The gas/electric Toyota Prius is probably one of the most technically advanced automobiles on the road today. It has a hybrid synergy drive system including energy flow, fuel economy and emissions modes; by-wire technology that replaces the traditional mechanical connections; and an AT-PZEV rating.
Sound complicated? Try being a Toyota sales consultant. They not only have to list the features, they have to explain and sell them. Because Prius is not your typical car, Tokyo-based Toyota had to provide its sales consultants with more than the typical training. So the company launched an application of wireless PC technology, DiscoveryTab, with the help of Maritz, a St. Louis enterprise performance management company.
The technology was introduced in the Elite Experience as part of Engines of Change, Toyota's 2004 Prius launch training tour for its 18,000 sales consultants across the nation. Above and beyond its basic Prius training, Toyota offered the Elite Experience to a select group of 1,200 sales consultants, about 10 percent of its sales force. These consultants were chosen based on their tenure, participation in Toyota's education certification programs and whether they had already sold the Prius, explains Paul Williamson, product education manager for the University of Toyota's School of Product and Technical Education.
For the Elite Experience, 40 sales consultants meet in a classroom setting at regional offices. Many of the Web-based training modules from the basic training are used, but the University of Toyota has also created new ones for the Elite Experience.
Using DiscoveryTab, for example, the PCs display a series of images that walk the consultants through the Prius's complex navigation system. But the consultants still have a facilitator available for questions and comments, as well as the opportunity to converse with their fellow trainees. Another module makes a game of finding the nine storage compartments in the car's interior.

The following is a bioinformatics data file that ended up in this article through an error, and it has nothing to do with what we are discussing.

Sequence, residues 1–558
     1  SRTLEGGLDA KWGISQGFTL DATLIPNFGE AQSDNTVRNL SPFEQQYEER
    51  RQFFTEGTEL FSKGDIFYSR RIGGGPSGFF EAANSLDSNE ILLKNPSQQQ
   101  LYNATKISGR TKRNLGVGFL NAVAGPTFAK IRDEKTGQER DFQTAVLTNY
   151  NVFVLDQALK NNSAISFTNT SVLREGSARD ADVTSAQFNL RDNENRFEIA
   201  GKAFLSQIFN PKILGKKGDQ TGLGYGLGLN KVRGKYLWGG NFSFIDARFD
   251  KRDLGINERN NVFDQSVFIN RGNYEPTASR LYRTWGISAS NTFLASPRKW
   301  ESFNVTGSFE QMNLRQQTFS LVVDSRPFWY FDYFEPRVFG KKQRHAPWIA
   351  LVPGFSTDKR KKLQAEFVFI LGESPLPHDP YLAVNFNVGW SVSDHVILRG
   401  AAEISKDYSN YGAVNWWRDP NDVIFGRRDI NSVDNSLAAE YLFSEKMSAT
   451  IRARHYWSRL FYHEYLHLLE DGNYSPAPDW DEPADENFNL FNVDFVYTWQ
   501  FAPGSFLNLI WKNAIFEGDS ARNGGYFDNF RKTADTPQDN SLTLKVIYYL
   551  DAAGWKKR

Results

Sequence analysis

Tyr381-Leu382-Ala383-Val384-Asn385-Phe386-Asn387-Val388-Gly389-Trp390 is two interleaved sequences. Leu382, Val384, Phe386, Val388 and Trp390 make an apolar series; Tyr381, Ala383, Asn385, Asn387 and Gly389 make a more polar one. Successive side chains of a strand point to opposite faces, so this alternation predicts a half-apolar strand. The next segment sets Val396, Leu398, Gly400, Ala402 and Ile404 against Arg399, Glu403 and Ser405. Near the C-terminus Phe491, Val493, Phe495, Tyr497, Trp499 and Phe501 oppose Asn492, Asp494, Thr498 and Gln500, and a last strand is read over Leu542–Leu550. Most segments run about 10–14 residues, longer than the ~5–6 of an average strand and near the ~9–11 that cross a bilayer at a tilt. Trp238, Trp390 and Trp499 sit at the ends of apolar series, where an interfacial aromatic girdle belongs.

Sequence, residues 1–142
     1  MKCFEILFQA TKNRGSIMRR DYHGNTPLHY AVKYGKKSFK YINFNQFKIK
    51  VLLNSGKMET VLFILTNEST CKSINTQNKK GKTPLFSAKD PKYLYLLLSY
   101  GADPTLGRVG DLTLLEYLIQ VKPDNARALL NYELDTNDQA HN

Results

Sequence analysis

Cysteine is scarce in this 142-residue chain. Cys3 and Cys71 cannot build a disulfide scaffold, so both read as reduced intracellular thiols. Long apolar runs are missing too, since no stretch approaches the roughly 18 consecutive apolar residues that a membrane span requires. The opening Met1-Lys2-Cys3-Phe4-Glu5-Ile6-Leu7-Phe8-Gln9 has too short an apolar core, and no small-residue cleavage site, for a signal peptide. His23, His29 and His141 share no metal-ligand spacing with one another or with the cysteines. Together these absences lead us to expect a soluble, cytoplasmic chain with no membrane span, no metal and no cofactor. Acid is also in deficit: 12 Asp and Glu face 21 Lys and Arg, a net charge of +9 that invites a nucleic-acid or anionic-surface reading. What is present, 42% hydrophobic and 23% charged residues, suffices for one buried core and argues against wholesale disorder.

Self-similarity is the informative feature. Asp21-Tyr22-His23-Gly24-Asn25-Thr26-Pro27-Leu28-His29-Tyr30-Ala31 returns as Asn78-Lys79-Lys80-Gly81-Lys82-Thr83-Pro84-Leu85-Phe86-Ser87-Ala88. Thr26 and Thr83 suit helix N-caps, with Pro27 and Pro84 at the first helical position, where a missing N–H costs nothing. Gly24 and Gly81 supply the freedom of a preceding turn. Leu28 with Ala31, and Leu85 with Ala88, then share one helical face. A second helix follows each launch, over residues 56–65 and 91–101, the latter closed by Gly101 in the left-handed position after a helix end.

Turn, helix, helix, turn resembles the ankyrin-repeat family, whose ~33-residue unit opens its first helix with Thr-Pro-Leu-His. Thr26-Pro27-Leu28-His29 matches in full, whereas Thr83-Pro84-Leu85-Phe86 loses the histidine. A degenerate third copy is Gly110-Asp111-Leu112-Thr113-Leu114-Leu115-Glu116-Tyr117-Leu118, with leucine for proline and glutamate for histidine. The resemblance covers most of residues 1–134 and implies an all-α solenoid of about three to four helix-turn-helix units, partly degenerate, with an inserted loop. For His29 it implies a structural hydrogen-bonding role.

Sales consultants like the Elite Experience for two reasons, explains Williamson. First, they enjoy the richer media and increased personal interaction. But more importantly, they get to learn among like-minded consultants. Only having the top 10 percent of the sales force participate allowed the training to run more smoothly, with fewer interruptions for clarification questions or confused trainees.
The Engines of Change tour has received the highest aggregate Level I scores of any Toyota model launch. On a scale of 1-5, Engines of Change was rated 4.87. Because Toyota has stopped using social security numbers as a form of identification to protect privacy, however, Toyota has had a difficult time tracking individuals' sales after training.
Williamson says Toyota wants its consultants to understand and explain the technical features of the Prius—not just spout them off. "It ultimately is not about the technology, but the level of understanding," he says. —H.J.